Getting further inside, the book is broken down into an introduction followed by six sections covering broad topics about life with OS/2 Warp. Titles for these sections range from "Bare Bones Stuff" to "OS/2 Applications (Those Free Programs)" to "Help!". Each section contains three or more chapters covering more detailed topics that relate to a given section. This was meant to allow you to quickly locate the section of the book most important to you at any given time. Each chapter can stand more or less on its own. When a chapter suggests you get more information, it tells you where to go to find it. Everyone should read the introduction on pages 1 through 6. Then decide what they need to read next.
All of the chapters are filled to the brim with loads of instructions for getting things done and tidbits of trivia about OS/2 Warp. Pictures highlight the way things should look when you're doing something. All of this is lightly sprinkled with the well known, slightly off color sense of humor that makes this series of books so successful. What's most impressive is the way this book explains technical and abstract concepts meant for the most geekish in a manner that Grandma, who thought a mouse was something you kept a good cat around for, could understand. It's really that good. Along the way, it points out things to remember, neat little tips, and stuff that DOS and Windows users will relate to, using easy to spot icons printed in the margins. My favorite is the little bomb icon marking areas of the book that tell you what NOT to do. These can really keep you out of trouble. It also warns you when you're about to get into some of that "technical drivel" so you can skip that part if you like.
Overall, this book presents OS/2 Warp in a positive light. The answer to the question "Why bother with OS/2 Warp?" is fair minded and logical though not emotionally inspiring. Each of the BonusPak applications are also reviewed and assigned "IQ levels" for ease of configuration and usability. Comedy runs throughout. For example, most people understand why IBM would make it more difficult to use a competing Internet Service Provider than to use IBM's own Internet service through Advantis. IBM makes more money if you use Advantis. The IQ rating for configuring the Internet Connection application reflects this. It's 80 for Advantis and 160 for other providers.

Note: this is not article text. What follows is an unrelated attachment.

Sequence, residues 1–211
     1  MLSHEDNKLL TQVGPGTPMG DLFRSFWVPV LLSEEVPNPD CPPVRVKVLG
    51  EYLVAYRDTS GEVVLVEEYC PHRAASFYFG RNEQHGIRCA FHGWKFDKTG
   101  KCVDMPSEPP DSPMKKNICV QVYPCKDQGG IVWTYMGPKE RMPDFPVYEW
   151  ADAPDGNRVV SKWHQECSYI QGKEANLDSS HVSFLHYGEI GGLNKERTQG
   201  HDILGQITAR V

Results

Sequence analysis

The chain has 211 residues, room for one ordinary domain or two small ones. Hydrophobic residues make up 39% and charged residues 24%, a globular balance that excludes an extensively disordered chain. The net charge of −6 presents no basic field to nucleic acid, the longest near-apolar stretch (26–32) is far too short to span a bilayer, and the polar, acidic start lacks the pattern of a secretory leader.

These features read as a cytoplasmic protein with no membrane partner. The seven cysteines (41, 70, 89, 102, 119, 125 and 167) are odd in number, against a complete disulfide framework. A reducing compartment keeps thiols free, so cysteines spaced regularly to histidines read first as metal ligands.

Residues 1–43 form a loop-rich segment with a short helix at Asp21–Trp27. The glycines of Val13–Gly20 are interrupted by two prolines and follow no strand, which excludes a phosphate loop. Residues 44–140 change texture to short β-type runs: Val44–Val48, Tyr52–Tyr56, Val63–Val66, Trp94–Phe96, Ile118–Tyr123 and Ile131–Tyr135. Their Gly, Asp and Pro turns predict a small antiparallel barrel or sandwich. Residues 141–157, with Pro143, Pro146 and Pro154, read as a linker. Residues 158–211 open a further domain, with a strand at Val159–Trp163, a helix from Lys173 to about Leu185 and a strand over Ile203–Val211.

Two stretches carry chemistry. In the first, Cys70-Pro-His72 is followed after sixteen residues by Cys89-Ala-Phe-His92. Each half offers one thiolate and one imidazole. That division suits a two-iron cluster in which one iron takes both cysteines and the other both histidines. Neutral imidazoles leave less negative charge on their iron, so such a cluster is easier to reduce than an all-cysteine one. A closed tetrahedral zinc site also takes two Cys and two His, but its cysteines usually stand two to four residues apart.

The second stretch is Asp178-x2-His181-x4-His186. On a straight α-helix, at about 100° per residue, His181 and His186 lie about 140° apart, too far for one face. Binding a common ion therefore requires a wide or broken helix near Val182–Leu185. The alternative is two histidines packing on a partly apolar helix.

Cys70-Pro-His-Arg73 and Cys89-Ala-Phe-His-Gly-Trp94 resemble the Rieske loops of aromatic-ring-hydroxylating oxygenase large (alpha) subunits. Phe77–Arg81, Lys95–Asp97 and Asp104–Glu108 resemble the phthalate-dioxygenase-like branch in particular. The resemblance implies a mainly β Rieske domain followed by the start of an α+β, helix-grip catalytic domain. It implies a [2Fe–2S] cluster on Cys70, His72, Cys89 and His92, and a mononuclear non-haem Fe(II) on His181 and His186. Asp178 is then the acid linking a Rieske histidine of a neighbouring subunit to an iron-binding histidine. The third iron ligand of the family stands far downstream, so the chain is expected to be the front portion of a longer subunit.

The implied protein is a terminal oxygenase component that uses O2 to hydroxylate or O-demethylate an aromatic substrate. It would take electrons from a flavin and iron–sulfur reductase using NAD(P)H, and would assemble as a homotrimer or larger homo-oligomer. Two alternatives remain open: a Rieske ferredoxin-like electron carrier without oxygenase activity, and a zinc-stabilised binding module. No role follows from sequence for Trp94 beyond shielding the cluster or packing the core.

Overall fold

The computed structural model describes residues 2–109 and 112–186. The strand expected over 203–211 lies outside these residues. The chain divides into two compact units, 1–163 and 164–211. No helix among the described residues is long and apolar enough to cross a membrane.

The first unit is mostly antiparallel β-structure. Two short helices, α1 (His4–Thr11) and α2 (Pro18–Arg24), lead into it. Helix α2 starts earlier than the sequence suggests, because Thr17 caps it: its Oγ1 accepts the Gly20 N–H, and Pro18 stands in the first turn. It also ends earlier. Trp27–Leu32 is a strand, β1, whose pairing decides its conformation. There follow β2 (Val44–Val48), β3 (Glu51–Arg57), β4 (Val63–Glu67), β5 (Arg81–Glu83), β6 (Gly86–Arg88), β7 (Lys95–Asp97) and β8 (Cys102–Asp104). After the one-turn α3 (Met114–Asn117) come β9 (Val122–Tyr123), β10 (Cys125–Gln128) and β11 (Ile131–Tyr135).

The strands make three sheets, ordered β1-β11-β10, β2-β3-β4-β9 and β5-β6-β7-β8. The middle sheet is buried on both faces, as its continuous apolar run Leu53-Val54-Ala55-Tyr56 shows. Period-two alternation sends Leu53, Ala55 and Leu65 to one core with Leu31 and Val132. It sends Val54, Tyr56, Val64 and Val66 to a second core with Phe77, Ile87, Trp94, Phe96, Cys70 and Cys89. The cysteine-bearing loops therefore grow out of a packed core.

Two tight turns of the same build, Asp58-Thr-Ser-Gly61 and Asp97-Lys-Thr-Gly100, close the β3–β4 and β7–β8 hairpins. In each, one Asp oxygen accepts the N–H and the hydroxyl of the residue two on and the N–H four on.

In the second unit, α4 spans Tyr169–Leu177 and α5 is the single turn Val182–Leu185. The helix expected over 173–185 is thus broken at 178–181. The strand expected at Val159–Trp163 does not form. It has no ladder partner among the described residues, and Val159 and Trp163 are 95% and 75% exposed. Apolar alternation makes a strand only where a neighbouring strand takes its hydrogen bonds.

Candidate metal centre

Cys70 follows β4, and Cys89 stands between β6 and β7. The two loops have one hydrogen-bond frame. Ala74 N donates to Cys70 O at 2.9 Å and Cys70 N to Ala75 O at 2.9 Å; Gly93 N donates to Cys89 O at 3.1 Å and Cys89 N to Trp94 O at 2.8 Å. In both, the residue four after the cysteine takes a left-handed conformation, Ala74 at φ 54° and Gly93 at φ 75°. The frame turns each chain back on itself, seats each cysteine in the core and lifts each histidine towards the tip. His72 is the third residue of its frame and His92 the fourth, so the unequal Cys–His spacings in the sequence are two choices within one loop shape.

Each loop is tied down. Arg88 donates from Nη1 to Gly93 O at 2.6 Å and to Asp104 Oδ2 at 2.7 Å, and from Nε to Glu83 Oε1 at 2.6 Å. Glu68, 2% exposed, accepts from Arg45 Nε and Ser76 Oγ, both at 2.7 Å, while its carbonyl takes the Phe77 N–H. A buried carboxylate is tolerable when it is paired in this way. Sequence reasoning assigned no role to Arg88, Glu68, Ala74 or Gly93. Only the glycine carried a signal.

The author is positive about most of the BonusPak applications and Warp itself. The only big exception to this is chapter 3: "Installing OS/2 on Your Computer without Crying". Warp for Dummies is very tough on OS/2's installation program as being poorly thought out and filled with pitfalls that can lead you and your computer down the path of despair. Installing OS/2 Warp isn't for someone with a weak stomach, but I don't think it's quite that bad.
Unless you're installing it from 5 1/4 inch floppies.
As someone with lots of OS/2 experience, there was little new information for me to learn from this book. It is clearly evident, however, that a beginner would find this reference a valuable source of information they can use to improve their productivity. If you are a new OS/2 Warp user, or you know someone who is, OS/2 Warp for Dummies is a reference they shouldn't be without. It's definitely worth looking for.